It was a comfortable 25 degrees for the game between Ecuador and Switzerland and I didn't hear any of the players complain. It was slightly warmer for the match between Colombia and Cote d'Ivoire, but I reckon both sides were used to higher temperatures because the heat has not really been a subject.


It's been generally hot and humid for the matches in Cuiaba with all games so far kicking off in the latest available time slot with good reason. There is a stickiness in the air and the temperatures have been high, at around 33º, for kick-off for all the games.

Things were probably worst in the Russia-South Korea game when the players took a couple of 'unofficial' water breaks when some others went down injured. That said, it's not been so hot as to affect the flow of the games.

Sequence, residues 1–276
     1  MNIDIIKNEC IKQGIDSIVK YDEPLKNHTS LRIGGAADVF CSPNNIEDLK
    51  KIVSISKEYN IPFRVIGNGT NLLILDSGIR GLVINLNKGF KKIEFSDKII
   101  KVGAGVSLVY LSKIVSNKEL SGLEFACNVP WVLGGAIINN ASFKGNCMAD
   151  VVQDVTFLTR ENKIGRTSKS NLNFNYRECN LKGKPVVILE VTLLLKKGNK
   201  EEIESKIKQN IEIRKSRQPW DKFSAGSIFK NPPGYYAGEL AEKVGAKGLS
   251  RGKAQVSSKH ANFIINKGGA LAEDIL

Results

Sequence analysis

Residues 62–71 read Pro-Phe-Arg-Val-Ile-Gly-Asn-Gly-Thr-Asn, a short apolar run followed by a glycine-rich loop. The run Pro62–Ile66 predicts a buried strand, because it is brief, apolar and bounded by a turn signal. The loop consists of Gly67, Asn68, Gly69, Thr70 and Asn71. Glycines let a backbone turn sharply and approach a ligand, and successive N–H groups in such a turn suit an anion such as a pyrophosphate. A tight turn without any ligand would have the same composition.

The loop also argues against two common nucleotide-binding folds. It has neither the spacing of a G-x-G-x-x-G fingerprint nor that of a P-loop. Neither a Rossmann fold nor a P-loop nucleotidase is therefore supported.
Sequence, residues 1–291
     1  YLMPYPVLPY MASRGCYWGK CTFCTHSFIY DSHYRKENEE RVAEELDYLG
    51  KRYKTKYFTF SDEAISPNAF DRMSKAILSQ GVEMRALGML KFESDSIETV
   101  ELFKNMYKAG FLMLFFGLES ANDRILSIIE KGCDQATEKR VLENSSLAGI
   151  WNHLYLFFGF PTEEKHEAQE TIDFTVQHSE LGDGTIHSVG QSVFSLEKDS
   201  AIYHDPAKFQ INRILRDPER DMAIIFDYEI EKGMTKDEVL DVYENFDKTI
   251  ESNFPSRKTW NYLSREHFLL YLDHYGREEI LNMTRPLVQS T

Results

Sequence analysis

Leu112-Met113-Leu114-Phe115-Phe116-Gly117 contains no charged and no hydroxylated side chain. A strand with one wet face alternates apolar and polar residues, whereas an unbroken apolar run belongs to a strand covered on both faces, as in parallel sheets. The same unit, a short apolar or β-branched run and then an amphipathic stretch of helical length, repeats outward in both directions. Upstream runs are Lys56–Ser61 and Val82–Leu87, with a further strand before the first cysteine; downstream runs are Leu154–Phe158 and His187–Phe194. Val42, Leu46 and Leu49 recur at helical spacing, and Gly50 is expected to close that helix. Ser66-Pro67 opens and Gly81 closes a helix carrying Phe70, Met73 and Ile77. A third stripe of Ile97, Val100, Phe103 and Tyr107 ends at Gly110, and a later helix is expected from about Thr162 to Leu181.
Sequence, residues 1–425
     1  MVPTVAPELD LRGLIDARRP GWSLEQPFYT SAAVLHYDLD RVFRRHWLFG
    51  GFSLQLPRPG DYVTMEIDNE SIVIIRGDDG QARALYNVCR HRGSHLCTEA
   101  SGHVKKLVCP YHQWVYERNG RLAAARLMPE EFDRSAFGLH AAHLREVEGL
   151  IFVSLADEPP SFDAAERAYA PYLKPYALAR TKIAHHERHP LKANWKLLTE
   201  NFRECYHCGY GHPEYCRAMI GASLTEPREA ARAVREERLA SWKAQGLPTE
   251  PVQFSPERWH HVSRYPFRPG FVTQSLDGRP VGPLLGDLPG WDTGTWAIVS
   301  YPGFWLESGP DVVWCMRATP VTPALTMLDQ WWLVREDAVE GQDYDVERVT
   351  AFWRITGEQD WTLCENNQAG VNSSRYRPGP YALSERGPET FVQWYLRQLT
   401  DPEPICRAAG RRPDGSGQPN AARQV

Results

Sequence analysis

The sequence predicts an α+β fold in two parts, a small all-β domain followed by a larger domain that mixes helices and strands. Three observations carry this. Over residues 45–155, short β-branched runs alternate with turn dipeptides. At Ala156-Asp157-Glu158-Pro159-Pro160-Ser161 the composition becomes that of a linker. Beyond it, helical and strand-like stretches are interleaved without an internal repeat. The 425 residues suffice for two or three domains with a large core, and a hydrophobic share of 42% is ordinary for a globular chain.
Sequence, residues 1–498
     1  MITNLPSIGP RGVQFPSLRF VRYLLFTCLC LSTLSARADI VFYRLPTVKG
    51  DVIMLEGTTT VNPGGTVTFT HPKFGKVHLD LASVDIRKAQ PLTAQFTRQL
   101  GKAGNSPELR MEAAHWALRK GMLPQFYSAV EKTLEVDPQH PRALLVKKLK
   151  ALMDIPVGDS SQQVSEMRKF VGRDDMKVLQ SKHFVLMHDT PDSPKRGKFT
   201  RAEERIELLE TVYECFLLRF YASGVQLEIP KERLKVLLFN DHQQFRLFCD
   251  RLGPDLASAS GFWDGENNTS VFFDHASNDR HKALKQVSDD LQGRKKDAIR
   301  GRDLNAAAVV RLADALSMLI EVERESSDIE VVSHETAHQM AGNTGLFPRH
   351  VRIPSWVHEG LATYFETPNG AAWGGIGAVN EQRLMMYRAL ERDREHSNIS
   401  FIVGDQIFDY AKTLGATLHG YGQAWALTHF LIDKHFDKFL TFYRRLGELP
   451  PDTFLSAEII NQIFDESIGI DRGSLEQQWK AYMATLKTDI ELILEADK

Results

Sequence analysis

The temperature in Rio never goes below 20º, even at night, and most of the days have been hot regardless of whether it is sunny or cloudy. Humidity has not been a huge factor in either match at the Maracana. Argentina were sluggish in the first half against Bosnia (1900 kick-off local time) but that was more an issue of tactics than anything physical, and Chile (1600 kick-off local time) produced one of the most dynamic performances of the tournament so far to beat Spain.


Sao Paulo has served up reasonably modest temperatures so far, and with the climate here resembling mainland Europe and parts of the Southern Hemisphere further removed from the equator, it has even become cold during the second week of the tournament.